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Next we need to pixelate the new layer, and we can do that by going up to the Filter menu at the top of the screen, choosing Pixelate, and then choosing Mosaic. Now that we've pixelated the image, there's a few different things we can do with it, and we'll look at them next. We can also tell that the layer mask, not the contents of the layer, is currently selected by the white highlight border appearing around the layer mask thumbnail. Press "D" and then "X" on your keyboard to set black as your Foreground color and white as your Background color. With the Gradient Tool selected and our Foreground and Background colors set to black and white, look up in the Options Bar at the top of the screen to see which gradient you currently have selected.
If it's showing some other gradient, click on the small, down-pointing arrow to the right of the gradient preview area. Click the down-pointing arrow to the right of the gradient preview area and select the gradient in the top left corner of the Gradient Picker. Now that we have our black to white gradient, we can use it to blend the Background layer and the pixelated layer together, creating our first variation on the effect. Drag out a gradient through the area where you want the blend between the two layers to appear.
The area between where I started and finished my gradient is going to become the transition area between the pixelated image on "Layer 1" and the original image on the Background layer.
Using a soft-edged brush and with black still as our Foreground color, I'm going to reveal the main part of his face by simply painting over it with my Brush Tool. Use a soft-edged brush to paint away parts of the pixelated layer, revealing the original image underneath.
The main parts of his face now appear as they were in the original photo, while the rest of the photo remains pixelated. I'm going to let the original image partially show through the pixelated image, and I can do that simply by going up to the Opacity option in the top right corner of the Layers palette and lowering the opacity value. Lower the opacity of the pixelated layer to allow the original image to partially show through.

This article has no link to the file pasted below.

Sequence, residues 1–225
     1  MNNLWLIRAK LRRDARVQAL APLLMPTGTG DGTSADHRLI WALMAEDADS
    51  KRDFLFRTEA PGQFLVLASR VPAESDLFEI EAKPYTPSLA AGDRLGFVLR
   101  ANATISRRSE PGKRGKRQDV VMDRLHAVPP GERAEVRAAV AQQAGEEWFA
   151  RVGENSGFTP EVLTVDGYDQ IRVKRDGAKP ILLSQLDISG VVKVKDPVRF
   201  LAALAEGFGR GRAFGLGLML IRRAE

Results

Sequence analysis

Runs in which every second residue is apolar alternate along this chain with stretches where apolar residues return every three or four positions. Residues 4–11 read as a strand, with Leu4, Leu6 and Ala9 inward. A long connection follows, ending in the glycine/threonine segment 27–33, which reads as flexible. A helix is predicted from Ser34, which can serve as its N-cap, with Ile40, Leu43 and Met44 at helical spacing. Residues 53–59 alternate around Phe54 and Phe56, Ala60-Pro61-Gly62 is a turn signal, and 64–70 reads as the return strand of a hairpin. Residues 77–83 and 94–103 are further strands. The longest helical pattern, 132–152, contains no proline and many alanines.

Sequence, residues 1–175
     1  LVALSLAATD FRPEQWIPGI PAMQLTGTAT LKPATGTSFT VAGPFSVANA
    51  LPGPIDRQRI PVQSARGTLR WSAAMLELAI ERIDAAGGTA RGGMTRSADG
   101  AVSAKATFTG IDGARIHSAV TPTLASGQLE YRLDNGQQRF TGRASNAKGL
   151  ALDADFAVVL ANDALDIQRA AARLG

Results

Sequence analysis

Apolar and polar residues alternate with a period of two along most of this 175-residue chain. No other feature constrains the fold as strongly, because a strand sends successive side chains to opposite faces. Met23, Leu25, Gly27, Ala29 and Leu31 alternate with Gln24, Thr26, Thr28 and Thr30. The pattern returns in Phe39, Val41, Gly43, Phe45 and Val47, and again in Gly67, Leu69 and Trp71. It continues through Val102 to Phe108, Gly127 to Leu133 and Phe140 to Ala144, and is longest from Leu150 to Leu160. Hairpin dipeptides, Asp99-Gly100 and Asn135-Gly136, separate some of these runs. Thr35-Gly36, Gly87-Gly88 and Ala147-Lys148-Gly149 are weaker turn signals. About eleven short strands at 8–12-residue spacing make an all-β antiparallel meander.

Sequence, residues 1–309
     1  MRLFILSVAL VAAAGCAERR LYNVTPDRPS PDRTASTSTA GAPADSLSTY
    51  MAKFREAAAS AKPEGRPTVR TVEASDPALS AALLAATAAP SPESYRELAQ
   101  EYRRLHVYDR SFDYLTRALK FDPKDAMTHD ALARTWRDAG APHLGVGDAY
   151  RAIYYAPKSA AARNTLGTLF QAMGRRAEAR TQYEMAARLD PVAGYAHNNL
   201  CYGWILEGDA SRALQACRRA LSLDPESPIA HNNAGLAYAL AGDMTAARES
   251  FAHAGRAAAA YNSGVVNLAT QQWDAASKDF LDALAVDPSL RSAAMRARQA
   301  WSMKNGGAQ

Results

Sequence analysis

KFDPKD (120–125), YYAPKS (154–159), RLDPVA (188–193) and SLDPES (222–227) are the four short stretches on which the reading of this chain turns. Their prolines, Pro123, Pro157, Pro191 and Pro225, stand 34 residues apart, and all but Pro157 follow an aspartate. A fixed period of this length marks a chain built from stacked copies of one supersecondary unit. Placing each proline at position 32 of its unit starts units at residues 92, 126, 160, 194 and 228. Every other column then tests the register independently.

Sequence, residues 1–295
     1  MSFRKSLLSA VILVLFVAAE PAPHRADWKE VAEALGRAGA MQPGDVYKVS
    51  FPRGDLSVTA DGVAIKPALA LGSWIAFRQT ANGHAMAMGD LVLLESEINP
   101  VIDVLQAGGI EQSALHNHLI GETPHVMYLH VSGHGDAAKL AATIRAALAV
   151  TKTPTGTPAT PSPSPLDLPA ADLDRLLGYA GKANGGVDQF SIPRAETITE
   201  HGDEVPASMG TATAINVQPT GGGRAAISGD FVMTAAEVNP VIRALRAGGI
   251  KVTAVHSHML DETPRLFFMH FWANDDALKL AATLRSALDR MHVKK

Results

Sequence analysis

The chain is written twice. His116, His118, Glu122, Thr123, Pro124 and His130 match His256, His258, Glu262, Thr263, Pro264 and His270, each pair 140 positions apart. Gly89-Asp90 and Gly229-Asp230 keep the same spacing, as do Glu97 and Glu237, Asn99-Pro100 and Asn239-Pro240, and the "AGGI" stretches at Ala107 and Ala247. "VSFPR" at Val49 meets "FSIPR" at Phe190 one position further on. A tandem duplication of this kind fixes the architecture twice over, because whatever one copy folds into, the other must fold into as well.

To create even more variations on the effect, experiment with different blend modes for the pixelated layer by going up to the blend mode options in the top left corner of the Layers palette and selecting different ones from the list. Set the Opacity of the pixelated layer back to 100%, then change the blend mode of the pixelated layer to "Darken".
Just to show you how much different an effect can look simply by changing layer blend modes, we'll try one more. The misconception about resolution in digital images bound for the web is that they must meet a certain number of dots per inch. When someone asks you for a web image that’s, say, two inches wide, they’re estimating how it would appear on their own monitor.
A pixel (which is short for “picture element”) is the smallest unit of measure on a grid displaying a digital image.
Shown above, resampling changes the image’s size by increasing or decreasing its number of pixels. Web design is concerned with resampling, not resizing, because every pixel in a web page will always be the same size. You can’t make an image appear larger on screen by resizing its pixels because every pixel on the same screen will always be the same size. Photoshop’s Image Size box (Image ‚Ui Image Size) controls both the resizing and resampling of images.


The “Resample” checkbox changes how many pixels fit into a linear inch—literally the pixels per inch.
With the resampling box left unchecked, changing the “resolution” box would alter the image’s physical size when printed, but not its number of pixels.
The number of pixels per inch is still relevant online, but DPI settings do not affect how an image is displayed. Computer monitors can be physically measured in inches, and each displays a certain number of pixels. A digital billboard measuring 47 x 12 feet might use only 888 x 240 pixels (about 1.6 PPI). A single PNG file measuring 100 x 100 pixels would fit on both the 888 x 240 billboard and the 320 x 480 iPhone. Print the same number of pixels at different pixel densities to see different sizes on paper. The result is that this one image would have the same number of pixels but a different width in inches. None of the units ever strayed far from 12 points per pica: 6 picas per inch = 72 points per inch. Each pixel on the original Mac’s 9-inch (diagonal) and 512 x 342 pixel screen measured exactly 1 x 1 point.
Today, designers and clients alike understand that the sizes of items on the screen are not absolute.